Celestion SL700 loudspeaker 1988 Measurements

Sidebar 2: 1988 Measurements

The frequency response of the Celestion was measured in the listening window—spatially averaged to minimize room standing-wave problems—using a 1/3-octave warble-tone generator; in addition, the nearfield low-frequency response of each speaker was measured with a sinewave sweep to get an idea of the true bass extension relative to the level at 100Hz. The change of impedance with frequency and the voltage sensitivity (using 1/3-octave pink noise centered on 1kHz) were also measured.

Fig.1 shows the manner in which the SL700's impedance varies with frequency. [This measurement was made before Stereophile acquired its Audio Precision System One measurement system, so doesn't show phase.—Ed.] The box resonance can be seen at 62Hz, with a minimum of magnitude 3.7 ohms above it at 135Hz. Comparing it with the impedance plot for the SL600 (fig.2) reveals that, unlike the earlier speaker, it does not have the "trap" or notch filter to compensate for the metal-dome tweeter's "oil-can" resonant mode, when the middle of the dome is going backward while the outer edges of the dome are going forward. This can be seen very clearly on the SL600's plot (the very sharp impedance peak at 22kHz). Despite the dips to 4 ohms in the bass, the SL700 should be a much easier speaker to drive than the SL600, even though its measured sensitivity is identical at 82dB/W/m.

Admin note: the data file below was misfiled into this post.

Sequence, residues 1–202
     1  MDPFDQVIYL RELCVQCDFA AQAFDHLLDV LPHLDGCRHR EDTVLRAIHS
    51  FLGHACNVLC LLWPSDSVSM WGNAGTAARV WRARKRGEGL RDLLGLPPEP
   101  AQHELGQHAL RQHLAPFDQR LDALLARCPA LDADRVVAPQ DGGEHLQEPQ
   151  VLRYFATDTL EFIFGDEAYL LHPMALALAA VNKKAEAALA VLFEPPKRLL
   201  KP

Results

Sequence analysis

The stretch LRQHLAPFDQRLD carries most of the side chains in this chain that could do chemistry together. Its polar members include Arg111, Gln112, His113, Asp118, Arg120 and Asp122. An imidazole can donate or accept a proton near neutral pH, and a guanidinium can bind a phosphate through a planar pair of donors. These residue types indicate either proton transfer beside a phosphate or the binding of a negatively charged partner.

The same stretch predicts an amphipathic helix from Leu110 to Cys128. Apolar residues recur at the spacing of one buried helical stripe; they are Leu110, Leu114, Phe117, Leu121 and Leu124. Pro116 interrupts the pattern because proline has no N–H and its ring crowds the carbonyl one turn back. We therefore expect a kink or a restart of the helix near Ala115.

Fig.1 Celestion SL700, electrical impedance magnitude (2 ohms/vertical div.).

Fig.2 Celestion SL600, electrical impedance magnitude (solid) and phase (dashed) (2 ohms/vertical div.).

Low-frequency extension, measured in the nearfield, was identical to that of the Acoustic Energy AE1 at 42Hz, -6dB. However, a glance at fig.3, the SL700's spatially averaged room response, shows that, unlike the reflex AE1, the sealed-box Celestion rolls out much more gradually in the bass, there being useful output in-room down to just below 40Hz. (Even the 32Hz 1/3-octave band is down by just 8dB in-room, compared with the level at 1kHz.)

Fig.3 Celestion SL700, spatially averaged, 1/3-octave response in JA's room.

Overall, the SL700 room response is smooth, and it is instructive to compare it with that of the SL600 (fig.4), which was taken under identical conditions in the same room with the speakers in identical positions. Low-bass extension is virtually the same (which is what you would expect from an identically dimensioned enclosure with an almost identical drive-unit). The '600's upper bass is a little less well-controlled, however, while the midrange is slightly less even. The main difference lies in the treble, where the more sensitive aluminum-dome tweeter of the '700 gives 2-3dB more output. (The shape of the curve in the treble will also be affected by the tweeter's wide dispersion in the low treble.) As I performed the series of tests individually on each speaker, I got an estimate of the closeness of the response matching between the pair. In this case, the pair-matching was about the best I have seen, there generally being less than 1dB difference in-room between the two from the lower midrange upward. This care taken in quality control should be reflected in superbly precise lateral stereo imaging.

Fig.4 Celestion SL600, spatially averaged, 1/3-octave response in JA's room.

Though not shown in fig.5, the above-axis measurements indicated that the SL700 should not be listened to above the tweeter axis, there then being a slight suckout at the top of the woofer's passband, and a peak developing above crossover. The moral: use the supplied stands, which place the listener's ears at tweeter level.—John Atkinson

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